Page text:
Scientists have figured out the SARS-CoV-2 virus attaches to a receptor protein called ACE2 that's on the outside of respiratory cells, Live Science reported. Once inside of these cells, "the virus hijacks certain machinery so it can replicate."
"The feline ACE2 protein resembles the human ACE2 homologue, which is most likely the cellular receptor which is being used by Sars-CoV-2 for cell entry," Van Gucht said.
» Coronavirus in Georgia: stats in real time
» Study suggests tears don't spread virus
Jane Sykes, chief veterinary medical officer at the University of California, Davis, told HuffPost that cats and dogs might be "dead-end" hosts for the virus, meaning they could become infected but are not likely to transmit it to humans or other animals.
“You’re more likely to get infected from another person,” Sykes told HuffPost.
Last month, a dog in Hong Kong tested “weakly positive” for SARS-CoV-2, the virus that causes COVID-19.
"The dog has a low-level of infection and it is likely to be a case of human-to-animal transmission," Hong Kong's Agriculture, Fisheries and Conservation Department wrote in a fact sheet.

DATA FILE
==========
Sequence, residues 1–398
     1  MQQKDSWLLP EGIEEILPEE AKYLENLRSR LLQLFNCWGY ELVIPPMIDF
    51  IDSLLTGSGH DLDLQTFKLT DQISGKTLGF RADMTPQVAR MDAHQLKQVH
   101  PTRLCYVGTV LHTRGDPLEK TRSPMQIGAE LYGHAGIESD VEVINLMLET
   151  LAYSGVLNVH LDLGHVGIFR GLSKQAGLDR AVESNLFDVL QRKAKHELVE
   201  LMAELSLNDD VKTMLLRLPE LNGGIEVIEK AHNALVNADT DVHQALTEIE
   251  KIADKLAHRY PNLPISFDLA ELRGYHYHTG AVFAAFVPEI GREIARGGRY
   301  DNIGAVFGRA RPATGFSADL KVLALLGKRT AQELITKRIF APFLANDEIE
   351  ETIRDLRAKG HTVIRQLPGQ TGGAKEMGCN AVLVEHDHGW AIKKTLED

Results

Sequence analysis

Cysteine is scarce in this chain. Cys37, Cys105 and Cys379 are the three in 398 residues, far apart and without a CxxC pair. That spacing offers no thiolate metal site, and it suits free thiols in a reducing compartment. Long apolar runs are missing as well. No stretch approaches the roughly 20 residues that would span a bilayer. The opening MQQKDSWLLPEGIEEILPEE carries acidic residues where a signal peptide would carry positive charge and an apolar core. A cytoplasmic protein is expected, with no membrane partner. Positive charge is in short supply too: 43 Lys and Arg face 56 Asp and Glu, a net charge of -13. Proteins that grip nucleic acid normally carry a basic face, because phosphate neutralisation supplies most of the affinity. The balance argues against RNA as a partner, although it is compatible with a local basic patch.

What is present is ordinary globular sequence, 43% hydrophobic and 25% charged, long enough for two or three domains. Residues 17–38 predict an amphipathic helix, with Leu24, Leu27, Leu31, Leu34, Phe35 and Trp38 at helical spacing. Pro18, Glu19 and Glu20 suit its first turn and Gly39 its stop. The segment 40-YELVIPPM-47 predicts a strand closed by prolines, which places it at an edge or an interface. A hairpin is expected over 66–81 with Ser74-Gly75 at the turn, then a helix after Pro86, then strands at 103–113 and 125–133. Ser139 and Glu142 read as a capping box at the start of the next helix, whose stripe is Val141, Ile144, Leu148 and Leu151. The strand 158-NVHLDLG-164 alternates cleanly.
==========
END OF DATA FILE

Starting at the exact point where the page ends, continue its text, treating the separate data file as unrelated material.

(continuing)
» Complete coverage: Coronavirus
Veterinarians and WHO said the virus might have been in the dog’s nose, but that doesn’t mean the dog had the coronavirus. The dog belonged to a coronavirus patient.
There have been no cases in the United States of animals contracting the illness.
"While this virus seems to have emerged from an animal source, it is now spreading from person-to-person in China," the CDC said last month. "There is no reason to think that any animals including pets in the United States might be a source of infection with this new coronavirus. … However, since animals can spread other diseases to people, it's always a good idea to wash your hands after being around animals."
» Map tracks spread of coronavirus in real time